Happy new 2009, everybody!
An understanding of our fundamental limitations is among the most important contributions of science and of mathematics. At the same time, various fundamental limitations stated by many great minds turned out to be wrong, sometimes rather quickly.
There are quite a few cases where things that were considered to be impossible turned out to be possible. Immanuel Kant claimed: “No finite Reason can hope to understand the production of even a blade of grass by mere mechanical causes.” This quote is from the Critique of Judgment (1790). Elsewhere Kant wrote: “It is absurd to hope that another Newton will arise in the future who shall make comprehensible by us the production of a blade of grass according to natural laws which no design has ordered.”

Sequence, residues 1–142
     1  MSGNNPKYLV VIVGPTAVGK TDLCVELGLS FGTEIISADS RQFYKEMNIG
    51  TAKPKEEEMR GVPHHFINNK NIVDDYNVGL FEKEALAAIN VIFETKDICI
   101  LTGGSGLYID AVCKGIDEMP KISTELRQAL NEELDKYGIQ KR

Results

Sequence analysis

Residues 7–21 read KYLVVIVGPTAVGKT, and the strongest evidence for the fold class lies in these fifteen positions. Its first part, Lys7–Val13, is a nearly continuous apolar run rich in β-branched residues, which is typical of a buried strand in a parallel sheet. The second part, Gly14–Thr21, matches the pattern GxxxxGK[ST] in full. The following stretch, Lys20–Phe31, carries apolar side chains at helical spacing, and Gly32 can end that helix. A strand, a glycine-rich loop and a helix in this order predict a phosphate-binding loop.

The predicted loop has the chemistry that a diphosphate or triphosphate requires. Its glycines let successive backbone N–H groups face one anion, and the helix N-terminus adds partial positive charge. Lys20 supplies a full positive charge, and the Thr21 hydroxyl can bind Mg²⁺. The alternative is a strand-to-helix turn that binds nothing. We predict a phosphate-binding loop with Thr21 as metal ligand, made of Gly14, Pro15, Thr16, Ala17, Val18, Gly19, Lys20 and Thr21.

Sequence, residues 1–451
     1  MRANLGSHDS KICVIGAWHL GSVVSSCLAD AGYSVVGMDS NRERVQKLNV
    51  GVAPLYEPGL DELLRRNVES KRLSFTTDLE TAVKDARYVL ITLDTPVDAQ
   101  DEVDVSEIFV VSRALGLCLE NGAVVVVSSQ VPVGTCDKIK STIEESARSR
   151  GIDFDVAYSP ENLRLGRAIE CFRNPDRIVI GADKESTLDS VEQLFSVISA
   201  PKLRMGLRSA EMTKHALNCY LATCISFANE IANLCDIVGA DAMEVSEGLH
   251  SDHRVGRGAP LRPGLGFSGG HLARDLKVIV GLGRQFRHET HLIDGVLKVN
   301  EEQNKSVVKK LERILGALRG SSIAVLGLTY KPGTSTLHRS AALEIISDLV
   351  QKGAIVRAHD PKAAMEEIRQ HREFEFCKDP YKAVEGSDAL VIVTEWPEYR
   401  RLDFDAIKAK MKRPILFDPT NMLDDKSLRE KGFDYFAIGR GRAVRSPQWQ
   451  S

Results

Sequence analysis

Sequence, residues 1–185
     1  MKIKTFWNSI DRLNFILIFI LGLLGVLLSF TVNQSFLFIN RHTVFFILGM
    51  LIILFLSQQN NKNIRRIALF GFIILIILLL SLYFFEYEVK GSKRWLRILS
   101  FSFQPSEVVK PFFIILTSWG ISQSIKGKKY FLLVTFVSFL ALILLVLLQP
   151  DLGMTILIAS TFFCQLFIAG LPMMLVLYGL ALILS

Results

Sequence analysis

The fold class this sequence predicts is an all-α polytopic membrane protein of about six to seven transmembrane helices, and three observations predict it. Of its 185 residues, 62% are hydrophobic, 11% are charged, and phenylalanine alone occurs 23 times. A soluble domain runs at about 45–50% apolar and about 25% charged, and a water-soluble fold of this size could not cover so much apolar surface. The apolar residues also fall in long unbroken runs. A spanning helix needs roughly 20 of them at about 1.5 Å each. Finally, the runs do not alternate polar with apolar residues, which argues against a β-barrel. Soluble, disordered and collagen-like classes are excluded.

Auguste Comte claimed: “Of all objects, the planets are those which appear to us under the least varied aspect. We see how we may determine their forms, their distances, their bulk, and their motions, but we can never know anything of their chemical or mineralogical structure; and, much less, that of organized beings living on their surface …” (The Positive Philosophy, Book II, Chapter 1 (1842)).
Spectroscopy was developed by Gustav Kirchhoff in the 1840s, and the first spectroscopic analysis of the sun appeared about ten years later, less than 20 years after Comte’s statement.
A slightly different example relates to the philosopher Wittgenstein. Continue reading